The vineyard of Clos de Bèze lies just north of Chambertin. Unlike most Grand Cru vineyards, it lies on flat ground. Clos de Bèze’s soil is much shallower than Chambertin, so the vines cannot reach as deep into the limestone it lies on. As a result, this makes the Clos de Bèze wines lighter in style, more aromatic, delicate, and approachable than those of Chambertin.
Burgundy, AKA “Bourgogne,” is a small, historical region in east-central France that covers a wide area with ranging climates. The large number of producers and appellations within Burgundy can make the region seem complicated even to a seasoned wine pro, but fear not – the region need only be as complicated as you want it to be. At it’s essence, Burgundy can be quite simple. This is the home for Pinot Noir and Chardonnay, and these wines are second-to-none around the world with an influence that is huge in the world of vino. Burgundy winemakers were the pioneers for premium Chardonnay production and continue to provide a benchmark of excellence in viticulture and winemaking for all of their varieties. A vineyard’s location is extremely important here. The location will determine their quality level within the Burgundy appellation hierarchy. The highest-quality vineyards will generally have a south or east facing exposure providing the most access to sunlight and offering protection from westerly winds. These wines may be listed as premier cru or grand cru on the bottle label. Soils in Burgundy can vary depending on the area, but you’ll find many of them are rich in limestone. Pinot Noir is grown throughout the entire region and accounts for a third of the total vineyard area. Although a wide range of winemaking techniques are used varying by producer, a classic “Burgundian” Pinot Noir has red fruit flavors in youth that evolve into earth, game, and mushroom as the wine matures. These wines, as well as Chardonnay, can age for many years if stored properly. Other grape varieties include the red grape Gamay, famous to the Beaujolais region, and the white grape Aligoté. There are many smaller appellations within Burgundy, just like Bordeaux and other regions in France. These appellations include Chablis, the Côte d’Or, the Côte Chalonnaise, and Mâconnais. Each of these areas house many respected and highly-regarded villages and vineyards.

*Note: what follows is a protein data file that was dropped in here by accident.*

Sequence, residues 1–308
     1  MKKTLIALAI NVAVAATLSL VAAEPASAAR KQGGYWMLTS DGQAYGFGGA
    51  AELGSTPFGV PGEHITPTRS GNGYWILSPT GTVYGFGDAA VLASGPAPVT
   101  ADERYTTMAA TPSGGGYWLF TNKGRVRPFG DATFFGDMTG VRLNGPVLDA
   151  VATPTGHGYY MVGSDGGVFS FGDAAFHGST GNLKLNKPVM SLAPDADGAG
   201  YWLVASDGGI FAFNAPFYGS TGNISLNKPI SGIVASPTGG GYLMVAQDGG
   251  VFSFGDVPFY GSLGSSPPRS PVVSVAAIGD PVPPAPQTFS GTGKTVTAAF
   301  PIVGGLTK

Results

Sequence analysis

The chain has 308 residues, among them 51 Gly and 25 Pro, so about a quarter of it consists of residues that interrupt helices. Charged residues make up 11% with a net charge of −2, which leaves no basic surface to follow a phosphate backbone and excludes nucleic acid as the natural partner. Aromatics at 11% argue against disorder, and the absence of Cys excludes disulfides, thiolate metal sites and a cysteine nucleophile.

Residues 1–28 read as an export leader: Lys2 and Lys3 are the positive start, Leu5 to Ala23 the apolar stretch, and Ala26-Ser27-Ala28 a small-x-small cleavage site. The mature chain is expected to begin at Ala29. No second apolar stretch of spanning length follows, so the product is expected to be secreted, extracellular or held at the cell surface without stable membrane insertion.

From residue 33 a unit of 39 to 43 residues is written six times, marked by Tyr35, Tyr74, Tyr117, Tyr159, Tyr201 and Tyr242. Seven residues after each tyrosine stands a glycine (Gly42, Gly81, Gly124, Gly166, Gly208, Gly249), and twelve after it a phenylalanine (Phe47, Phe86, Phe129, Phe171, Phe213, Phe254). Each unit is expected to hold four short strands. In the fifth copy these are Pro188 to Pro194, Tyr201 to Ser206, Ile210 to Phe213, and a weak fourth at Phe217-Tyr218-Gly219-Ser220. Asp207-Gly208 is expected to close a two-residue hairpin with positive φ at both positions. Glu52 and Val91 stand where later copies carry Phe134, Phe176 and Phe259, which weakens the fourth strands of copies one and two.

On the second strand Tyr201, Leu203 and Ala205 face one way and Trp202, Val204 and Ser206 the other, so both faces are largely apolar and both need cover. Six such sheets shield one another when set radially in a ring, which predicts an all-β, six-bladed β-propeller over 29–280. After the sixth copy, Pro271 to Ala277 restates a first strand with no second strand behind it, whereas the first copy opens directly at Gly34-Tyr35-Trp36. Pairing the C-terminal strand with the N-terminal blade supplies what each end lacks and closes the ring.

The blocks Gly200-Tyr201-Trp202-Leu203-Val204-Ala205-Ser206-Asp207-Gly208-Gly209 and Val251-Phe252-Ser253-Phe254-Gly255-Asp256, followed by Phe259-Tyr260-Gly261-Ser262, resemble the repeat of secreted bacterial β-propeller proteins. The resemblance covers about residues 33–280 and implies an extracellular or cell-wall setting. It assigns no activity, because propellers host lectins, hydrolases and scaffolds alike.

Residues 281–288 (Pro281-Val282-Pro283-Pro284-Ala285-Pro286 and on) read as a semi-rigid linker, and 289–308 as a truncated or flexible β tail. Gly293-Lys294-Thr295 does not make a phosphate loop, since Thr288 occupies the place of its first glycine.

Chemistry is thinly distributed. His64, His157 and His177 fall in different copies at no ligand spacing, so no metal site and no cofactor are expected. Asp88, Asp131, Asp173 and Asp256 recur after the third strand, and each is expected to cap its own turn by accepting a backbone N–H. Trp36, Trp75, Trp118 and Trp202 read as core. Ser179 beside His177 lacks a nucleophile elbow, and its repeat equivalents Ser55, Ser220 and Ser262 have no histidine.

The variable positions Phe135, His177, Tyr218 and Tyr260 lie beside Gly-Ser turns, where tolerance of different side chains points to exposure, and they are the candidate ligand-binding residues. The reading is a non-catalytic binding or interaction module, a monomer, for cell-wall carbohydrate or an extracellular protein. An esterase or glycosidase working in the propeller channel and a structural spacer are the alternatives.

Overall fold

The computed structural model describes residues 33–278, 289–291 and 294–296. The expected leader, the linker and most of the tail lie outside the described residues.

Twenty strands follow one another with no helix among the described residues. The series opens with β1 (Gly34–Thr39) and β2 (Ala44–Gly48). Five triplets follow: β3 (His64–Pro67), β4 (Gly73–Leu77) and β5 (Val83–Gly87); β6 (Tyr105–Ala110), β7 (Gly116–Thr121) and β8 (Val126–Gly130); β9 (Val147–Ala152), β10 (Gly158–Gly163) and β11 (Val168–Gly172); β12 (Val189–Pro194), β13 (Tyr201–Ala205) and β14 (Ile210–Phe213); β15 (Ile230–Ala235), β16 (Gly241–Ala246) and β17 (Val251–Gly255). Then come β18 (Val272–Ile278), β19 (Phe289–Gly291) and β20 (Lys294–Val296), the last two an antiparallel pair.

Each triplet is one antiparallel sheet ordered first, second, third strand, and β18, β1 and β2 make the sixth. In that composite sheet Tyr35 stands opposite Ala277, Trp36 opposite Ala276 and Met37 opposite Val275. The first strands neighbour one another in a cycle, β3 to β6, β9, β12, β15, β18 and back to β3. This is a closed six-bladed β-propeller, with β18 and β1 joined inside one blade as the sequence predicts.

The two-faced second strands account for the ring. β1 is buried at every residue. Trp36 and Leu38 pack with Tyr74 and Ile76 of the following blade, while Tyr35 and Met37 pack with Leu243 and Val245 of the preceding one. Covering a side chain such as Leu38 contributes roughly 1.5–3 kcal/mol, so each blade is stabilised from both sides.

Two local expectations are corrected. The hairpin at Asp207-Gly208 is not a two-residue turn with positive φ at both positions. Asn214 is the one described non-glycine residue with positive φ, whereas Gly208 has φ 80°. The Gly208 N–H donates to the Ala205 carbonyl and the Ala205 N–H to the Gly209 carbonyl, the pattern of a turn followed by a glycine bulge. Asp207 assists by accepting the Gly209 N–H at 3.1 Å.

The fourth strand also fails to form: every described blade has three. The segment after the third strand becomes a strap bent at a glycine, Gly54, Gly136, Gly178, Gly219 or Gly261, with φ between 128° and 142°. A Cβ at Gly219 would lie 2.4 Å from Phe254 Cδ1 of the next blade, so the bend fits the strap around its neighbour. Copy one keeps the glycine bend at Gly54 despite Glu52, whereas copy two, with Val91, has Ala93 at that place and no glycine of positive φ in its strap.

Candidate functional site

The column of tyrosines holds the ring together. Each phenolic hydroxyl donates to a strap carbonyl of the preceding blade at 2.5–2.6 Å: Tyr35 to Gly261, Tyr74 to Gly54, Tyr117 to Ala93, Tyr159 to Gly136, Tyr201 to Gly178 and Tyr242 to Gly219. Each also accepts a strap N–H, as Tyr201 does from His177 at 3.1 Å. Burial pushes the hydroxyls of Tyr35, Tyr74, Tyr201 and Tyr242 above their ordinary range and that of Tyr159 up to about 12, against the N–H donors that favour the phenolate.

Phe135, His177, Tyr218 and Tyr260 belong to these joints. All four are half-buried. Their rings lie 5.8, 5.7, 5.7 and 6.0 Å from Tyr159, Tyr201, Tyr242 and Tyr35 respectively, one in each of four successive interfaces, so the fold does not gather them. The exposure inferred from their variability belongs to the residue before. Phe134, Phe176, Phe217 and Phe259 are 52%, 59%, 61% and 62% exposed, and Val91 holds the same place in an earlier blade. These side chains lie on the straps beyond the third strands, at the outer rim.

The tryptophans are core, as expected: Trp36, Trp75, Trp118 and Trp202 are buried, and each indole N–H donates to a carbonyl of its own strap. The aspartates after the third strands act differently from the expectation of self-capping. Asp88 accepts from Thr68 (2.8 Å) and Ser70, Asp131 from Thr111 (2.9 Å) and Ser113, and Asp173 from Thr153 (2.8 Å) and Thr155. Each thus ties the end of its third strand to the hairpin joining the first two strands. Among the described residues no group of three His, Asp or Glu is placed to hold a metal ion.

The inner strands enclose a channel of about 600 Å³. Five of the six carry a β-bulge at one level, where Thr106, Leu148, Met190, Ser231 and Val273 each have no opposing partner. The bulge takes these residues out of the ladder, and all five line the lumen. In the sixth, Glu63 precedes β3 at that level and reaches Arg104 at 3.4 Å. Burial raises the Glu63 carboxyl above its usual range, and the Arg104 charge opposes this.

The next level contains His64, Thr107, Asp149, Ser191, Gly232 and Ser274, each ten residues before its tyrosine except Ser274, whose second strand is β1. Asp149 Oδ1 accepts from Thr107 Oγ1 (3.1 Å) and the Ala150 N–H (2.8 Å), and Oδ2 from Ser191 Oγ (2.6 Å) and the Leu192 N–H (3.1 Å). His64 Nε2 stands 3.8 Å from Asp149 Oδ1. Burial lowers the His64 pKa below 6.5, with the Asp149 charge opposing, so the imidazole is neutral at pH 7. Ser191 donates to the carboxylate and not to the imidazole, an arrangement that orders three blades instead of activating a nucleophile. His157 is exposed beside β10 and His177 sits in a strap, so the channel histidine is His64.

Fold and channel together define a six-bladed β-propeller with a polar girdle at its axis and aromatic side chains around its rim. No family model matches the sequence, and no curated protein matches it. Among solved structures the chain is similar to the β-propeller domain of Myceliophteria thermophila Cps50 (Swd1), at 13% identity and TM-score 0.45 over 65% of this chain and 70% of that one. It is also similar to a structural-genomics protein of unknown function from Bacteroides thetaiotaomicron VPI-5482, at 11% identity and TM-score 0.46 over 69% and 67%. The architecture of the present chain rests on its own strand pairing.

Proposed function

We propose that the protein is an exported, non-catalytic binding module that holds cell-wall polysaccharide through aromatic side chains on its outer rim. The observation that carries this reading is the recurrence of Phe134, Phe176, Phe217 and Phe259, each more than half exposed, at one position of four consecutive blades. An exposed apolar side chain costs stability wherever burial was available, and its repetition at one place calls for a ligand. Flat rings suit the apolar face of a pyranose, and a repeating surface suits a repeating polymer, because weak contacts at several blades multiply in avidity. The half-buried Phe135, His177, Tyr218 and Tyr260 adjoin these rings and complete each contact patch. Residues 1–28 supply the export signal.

This elusive and delicate light-bodied grape is a winegrowers dream, but can be difficult to achieve. Stubborn, yet flirtatious, Pinot Noir is tantalizing creating a beautiful dance between the grape and the winemaker. The resulting light red wine can be nothing short of spectacular. Loved for its red fruit and spicy characteristics, its also a great food partner. Look for notable regions including Burgundy, France, Central Coast or Sonoma in CA, Willamette Valley in Oregon, and Pfalz or Baden in Germany as well as many other regions around the world in New Zealand, Australia, Chile, and Argentina.